• private: fields should be private (unless there is a good reason to make them public), same with methods.
• create a merge method, it makes your code easier to read.
• the caller shouldn't need to know with what parameters to call mergeSort2. I would create a public method without arguments (or which accepts the array) which then calls mergeSort2 with the correct parameters.

I've written the code from scratch to use only one temporary array and using static methods:

import java.util.Arrays;

public class MergeSort {

public static void mergeSort(int[] orig){
int temp[] = new int[orig.length];
mergeSorter(0, orig.length-1, orig, temp);
}

private static void mergeSorter(int beg, int end, int[] orig, int[] temp) {
if (beg == end) {
return;
}
mergeSorter(beg, (beg + end) / 2, orig, temp);
mergeSorter((beg + end) / 2 + 1, end, orig, temp);
merge(beg, end, orig, temp);
System.arraycopy(temp, beg, orig, beg, (end-beg+1));
}

private static void merge(int beg, int end, int[] orig, int[] temp){
int s1 = beg;           //first half starting position
int e1 = (beg+end)/2;   //first half ends here
int s2 = (beg+end)/2+1; //second half starts here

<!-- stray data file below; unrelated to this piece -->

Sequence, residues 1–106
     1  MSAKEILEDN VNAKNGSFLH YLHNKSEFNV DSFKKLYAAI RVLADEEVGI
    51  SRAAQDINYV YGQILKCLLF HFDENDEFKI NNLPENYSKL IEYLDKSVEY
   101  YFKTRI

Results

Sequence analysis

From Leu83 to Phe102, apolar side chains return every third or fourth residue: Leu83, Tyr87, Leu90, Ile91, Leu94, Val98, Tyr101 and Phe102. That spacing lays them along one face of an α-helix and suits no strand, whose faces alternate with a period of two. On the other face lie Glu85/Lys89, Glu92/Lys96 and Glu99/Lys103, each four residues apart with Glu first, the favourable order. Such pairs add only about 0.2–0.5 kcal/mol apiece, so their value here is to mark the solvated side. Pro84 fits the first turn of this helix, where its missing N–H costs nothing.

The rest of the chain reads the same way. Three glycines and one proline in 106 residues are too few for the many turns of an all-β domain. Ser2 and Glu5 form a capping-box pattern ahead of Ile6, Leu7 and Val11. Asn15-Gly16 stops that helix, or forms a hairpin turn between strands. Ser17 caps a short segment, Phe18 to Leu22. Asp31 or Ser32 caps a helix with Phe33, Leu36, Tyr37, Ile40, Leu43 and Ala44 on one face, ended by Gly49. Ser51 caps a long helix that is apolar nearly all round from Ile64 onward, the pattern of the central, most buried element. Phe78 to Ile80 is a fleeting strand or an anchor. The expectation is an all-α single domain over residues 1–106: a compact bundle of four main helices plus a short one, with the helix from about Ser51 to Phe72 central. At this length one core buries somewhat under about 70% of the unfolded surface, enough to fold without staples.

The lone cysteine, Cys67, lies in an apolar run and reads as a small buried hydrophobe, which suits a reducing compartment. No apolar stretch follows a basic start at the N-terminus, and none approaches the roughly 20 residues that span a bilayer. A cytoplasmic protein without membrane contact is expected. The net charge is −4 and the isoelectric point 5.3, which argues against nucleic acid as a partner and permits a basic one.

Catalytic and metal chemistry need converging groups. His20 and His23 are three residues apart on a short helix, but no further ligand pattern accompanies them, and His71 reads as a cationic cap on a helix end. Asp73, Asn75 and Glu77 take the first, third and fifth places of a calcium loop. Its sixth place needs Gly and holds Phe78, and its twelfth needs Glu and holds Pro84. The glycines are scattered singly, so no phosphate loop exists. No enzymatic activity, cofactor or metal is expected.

int e2 = end;

int i = beg, l = s1, r = s2;
while(l<=e1 && r<=e2){
if (orig[l] >= orig[r]) {
temp[i] = orig[r];
r++;
} else if (orig[l] < orig[r]) {
temp[i] = orig[l];
l++;
}
i++;
}

if (l == e1+1) {
System.arraycopy(orig, r, temp, i, e2-r+1);
} else if (r == e2+1) {
System.arraycopy(orig, l, temp, i, e1-l+1);
}
}

public static void main(String[] args) {
int[] input = new int[]{5, 6, 3, 2, 2, 9, 9, 0};    //test array
MergeSort.mergeSort(input);
System.out.print(Arrays.toString(input));
}
}

• nice! If you want to, you could also post a follow-up question instead of an answer (this would actually be the preferred way). I'm sure your code could be improved further (for example, I would look at the formating and variable names).
– tim
Commented Sep 14, 2014 at 20:12
• "Separation of concerns": don't fill the initial array from the console input in the constructor, but instead do that step in the main method. You can than reuse your class to merge arrays that come from somewhere else.

• Don't ever make class members public (ms.a).

• Be careful with variable names. a is really not informative.

• Actually, you don't need a class at all, neither do you need a member variable, neither do you need to reallocate arrays everywhere. Just define one recursive static method:

public static void mergeSort(int[] arrayToSort, int start, int end, int[] workArray) { ... }


It returns nothing, but works directly on the relevant section of the array. You will also need some work array since merge sort cannot directly modify the main array without overwriting some useful data. You can just make the work array the same size as arrayToSort. You only need to create the work array once, and I don't mean once per method call. At each step use System.arraycopy to copy the relevant section from arraySort to workArray, since that method is much more efficient than copying using a for-loop.